Ugly squaw word exiting Oklahoma


RED ROCK, Okla. - Squaw. No matter how you say it, the word is ugly. It is offensive to Native American people and even more offensive to Native women.

Squaw has been used to name everything from mountains to fish in the United States, but in Oklahoma the word is disappearing.

Oklahoma Senate Concurrent Resolution No. 94 passed both houses of the Legislature unanimously. It mandates that all geographic features in the state of Oklahoma that carry the name 'Squaw' are to be renamed because of the offensive nature of the word.

The removal idea started out small. Red Rock, Okla., is a town of fewer than 350 people, 65 percent of them American Indian. The Otoe-Missouria Tribe has offices just outside the city limits.

A small creek, less than two miles long, has carried the name 'Squaw Creek' for as long as anyone can remember. "People didn't like the name Squaw Creek," recalls Red Rock Mayor Geary Watson. "They had to cross a bridge with the nameplate Squaw Creek on it for years, but they didn't know how to change it.

"Finally in April, I wrote a letter to J. Berry Harrison our state senator. He took it from there."

To the amazement of the people of Red Rock, not only did the state of Oklahoma decide that Squaw Creek's name would be changed, but that the word squaw was to be removed from every geographical feature in the state!

"I never realized how many places had the name squaw on them in Oklahoma" Watson said.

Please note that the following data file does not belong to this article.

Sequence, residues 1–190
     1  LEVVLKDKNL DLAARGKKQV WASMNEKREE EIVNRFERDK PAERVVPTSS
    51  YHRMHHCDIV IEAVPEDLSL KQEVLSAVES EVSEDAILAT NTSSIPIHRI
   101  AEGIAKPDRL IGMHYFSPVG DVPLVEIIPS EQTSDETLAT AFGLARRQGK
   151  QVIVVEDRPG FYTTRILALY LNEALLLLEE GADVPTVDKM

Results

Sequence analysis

Watson, Choctaw, one of only two Native American mayors in Oklahoma, said he couldn't believe how fast the legislation was passed into law.

"We wrote the letter on April 5 and by May 10 we got word that it was done."

The fact the state moved so quickly, once asked, made Watson proud of Oklahomans. "I hope this says something for our people. We still have controversies over compacts with the state, taxes and stuff, bingo halls. But all in all, I described a word ... and the state took it from there."

What will the creek be renamed? Watson said he wasn't sure, but a meeting is scheduled to discuss options. All he knows for sure is that squaw won't be anywhere in the name.

Red Rock feels good about its victory Watson said. "We told them that it affected not just this area, but the whole state. It is really a victory for the 39 tribes here in Oklahoma. After reading about Montana, it took two years for them to get it done. We didn't have that kind of problem here."

Thanks to the 'mouse that roared' in Red Rock, Okla., Native Americans no longer have to see the offensive name Squaw on any more bridges or state signs. Mayor Watson is proud that his small town was able to make such a big change.